Volkswagen. Auto workers deal a strong blow to anti-union policy in the United States

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After several failed attempts in previous years, a majority of workers at the Volkswagen plant in Chattanooga, Tennessee, voted last Friday to join the UAW. This is a strong blow to the strong anti-union policy pursued by businessmen and governors of the American South.

Last Friday, auto workers in the southern United States celebrated late into the night. After several failed attempts over the previous years, workers at the Volkswagen plant in Chattanooga, Tennessee, finally voted by a large majority to join the United Auto Workers (UAW). This plant was the only Volkswagen company in the world that did not join a trade union. This is due to the strong anti-union policy that exists in many southern states of the United States and which businessmen and conservatives actively support.

The workers' victory last Friday means a major blow to this anti-union policy and the wave of organizing could now extend to the Mercedes-Benz plant, which is the next to go to the vote in Alabama.

Union storm in the south

A three-day unionization vote at Volkswagen ended last Friday in a landslide victory for the union, with 2,628 votes in favor and 985 votes against. This is the first time that workers at a foreign-owned car factory in the south of the country have joined a union. The vote in Chattanooga was the first in an ambitious campaign launched by the UAW that seeks to unite 13 plants including Volkswagen, Mercedes, Tesla, BMW, Toyota, Nissan and Hyundai, with a total of 35 plants yet to be organized across the United States. . This campaign began after the massive strike carried out by the union in September last year against the “big three” auto companies in Detrito, the historical companies: Ford, General Motors and Stellantis (Jeep).

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The UAW's next scheduled union vote will be at the Mercedes-Benz plant in Alabama, where 5,000 workers will vote May 13-17. The company has already launched its anti-union campaign, and a senior official said in a statement to workers: “I don't believe the UAW can help us be better.” The interesting thing about this process is that, by the union's own admission, it was not the leaders who organized the vote but rather ordinary workers who lobbied to open up the unionization process, which the United States required by law.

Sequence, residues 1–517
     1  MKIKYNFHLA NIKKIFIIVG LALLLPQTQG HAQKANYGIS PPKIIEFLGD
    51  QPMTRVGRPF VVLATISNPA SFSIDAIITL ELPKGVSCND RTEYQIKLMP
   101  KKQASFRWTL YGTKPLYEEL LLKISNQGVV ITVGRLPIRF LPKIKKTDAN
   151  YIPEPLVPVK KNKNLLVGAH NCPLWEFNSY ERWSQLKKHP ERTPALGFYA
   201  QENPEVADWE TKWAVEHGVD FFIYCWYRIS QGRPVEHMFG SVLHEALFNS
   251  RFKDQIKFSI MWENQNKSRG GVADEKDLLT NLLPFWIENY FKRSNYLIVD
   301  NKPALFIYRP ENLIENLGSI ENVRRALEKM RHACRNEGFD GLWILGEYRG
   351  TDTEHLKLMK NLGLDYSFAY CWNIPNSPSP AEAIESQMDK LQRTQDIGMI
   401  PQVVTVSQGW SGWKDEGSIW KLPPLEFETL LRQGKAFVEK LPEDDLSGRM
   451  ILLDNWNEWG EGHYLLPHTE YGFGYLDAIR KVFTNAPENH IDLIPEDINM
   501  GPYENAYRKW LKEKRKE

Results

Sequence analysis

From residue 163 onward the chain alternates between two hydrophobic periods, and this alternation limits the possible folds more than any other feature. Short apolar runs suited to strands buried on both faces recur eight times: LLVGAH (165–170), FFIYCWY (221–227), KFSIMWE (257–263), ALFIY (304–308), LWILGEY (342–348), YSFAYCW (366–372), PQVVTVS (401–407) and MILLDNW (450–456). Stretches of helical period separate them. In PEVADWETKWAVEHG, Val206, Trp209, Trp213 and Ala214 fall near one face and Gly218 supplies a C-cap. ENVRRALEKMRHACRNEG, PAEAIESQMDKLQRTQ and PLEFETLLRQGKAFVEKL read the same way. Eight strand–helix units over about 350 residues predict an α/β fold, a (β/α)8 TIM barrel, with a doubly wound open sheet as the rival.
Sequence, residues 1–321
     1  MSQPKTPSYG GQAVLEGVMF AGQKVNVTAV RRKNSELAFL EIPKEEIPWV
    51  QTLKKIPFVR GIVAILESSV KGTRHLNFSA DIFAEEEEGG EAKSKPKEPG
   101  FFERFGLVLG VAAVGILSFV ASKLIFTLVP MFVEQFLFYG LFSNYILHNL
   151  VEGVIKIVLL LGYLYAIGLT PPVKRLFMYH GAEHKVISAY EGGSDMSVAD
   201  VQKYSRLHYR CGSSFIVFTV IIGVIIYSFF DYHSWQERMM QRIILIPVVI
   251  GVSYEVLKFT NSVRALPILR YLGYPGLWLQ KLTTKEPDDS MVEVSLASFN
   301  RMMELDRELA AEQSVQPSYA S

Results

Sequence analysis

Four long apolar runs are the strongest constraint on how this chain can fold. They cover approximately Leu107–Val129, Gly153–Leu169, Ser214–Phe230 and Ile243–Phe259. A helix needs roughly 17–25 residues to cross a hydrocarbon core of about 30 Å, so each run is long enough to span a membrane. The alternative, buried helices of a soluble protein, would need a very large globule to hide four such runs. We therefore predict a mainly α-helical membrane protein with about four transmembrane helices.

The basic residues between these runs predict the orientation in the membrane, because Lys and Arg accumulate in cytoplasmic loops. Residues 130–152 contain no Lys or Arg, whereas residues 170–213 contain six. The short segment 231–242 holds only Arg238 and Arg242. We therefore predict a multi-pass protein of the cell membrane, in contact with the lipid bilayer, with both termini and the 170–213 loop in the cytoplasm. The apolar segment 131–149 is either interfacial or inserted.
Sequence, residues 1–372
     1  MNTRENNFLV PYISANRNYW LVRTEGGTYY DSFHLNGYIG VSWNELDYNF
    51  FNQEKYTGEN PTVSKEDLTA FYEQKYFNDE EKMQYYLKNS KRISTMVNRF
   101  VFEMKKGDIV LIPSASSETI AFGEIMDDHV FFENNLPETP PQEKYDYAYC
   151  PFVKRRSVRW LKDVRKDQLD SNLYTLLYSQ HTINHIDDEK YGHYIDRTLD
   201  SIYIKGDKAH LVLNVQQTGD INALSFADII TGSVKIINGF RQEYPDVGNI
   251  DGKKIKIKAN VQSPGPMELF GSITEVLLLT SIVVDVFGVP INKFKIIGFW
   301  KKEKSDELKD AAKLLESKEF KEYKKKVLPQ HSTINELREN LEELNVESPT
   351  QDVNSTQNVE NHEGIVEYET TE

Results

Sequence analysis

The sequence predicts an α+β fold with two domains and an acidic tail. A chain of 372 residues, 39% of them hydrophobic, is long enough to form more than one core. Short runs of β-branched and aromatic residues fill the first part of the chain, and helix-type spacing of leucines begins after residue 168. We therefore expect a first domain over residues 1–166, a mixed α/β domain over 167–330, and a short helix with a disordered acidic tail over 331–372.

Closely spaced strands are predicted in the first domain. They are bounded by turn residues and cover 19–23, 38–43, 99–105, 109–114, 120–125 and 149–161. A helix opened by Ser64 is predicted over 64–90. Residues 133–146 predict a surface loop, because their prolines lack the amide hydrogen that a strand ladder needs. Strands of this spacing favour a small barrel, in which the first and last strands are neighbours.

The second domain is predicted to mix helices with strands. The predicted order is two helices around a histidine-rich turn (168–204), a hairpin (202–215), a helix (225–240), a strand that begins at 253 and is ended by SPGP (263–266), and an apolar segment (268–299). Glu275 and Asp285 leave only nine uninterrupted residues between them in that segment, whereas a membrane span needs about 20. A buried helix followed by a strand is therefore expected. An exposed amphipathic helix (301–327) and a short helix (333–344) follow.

Before winning at the Volkswagen plant, governors of Tennessee, Alabama, Georgia, Mississippi, South Carolina and Texas They issued a joint letter Criticizing the union for having “special interests that seek to enter our states and threaten our jobs,” in a last-ditch attempt to avoid the defeat they finally suffered days later.

All of these states, and many others across the country, have long passed the law known as Right to Work, which despite its confusing name, aims to ban union membership and mandatory union dues, arguing that organizing is bad for workers. workers and that each person must individually negotiate his rights with the companies in which he works.

The setback from the Volkswagen win is so great that conservatives and business leaders are despairing. Now they are seeking to deepen the ban with all kinds of threats, but the union wave is already underway and includes a confrontation with powerful businessmen like Elon Musk who has so far prevented workers in their factories in the United States from organizing. This battle is just beginning because it also includes a transition plan towards the production of electric cars, which may mean the layoff of large numbers of workers and the spread of precarious employment, which is necessary not only to organize at the national level, but also to coordinate with other parties. Factories in Mexico, as in Asia, which are directly linked to the general production chain. Moreover, this process will also require strict scrutiny from workers leading the union which, despite recent victories, has a long history of making labor gains, which is what drove the struggles against the Big Three in Detroit last year.

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President Biden also sought to capitalize on the outcome of this vote in the middle of an election year. Biden maintains good relations with the head of the UAW union, Sean Fine, and he actually appeared last year at a sit-in in Detroit, trying to appear as a “friend of the workers” to remove Trump’s campaign file, even though only a few months before, he had banned railway workers. Iron under the law of strike.

For more than fifty years, the southern United States has been an attractive location for foreign automobile companies, offering tax breaks and cheaper, non-union labor. The “earthquake” caused by the victory in Tennessee, the first in decades, threatens to begin to break down the strict anti-union policy in the South.

Sacha Woodward

"Wannabe writer. Lifelong problem solver. Gamer. Incurable web guru. Professional music lover."

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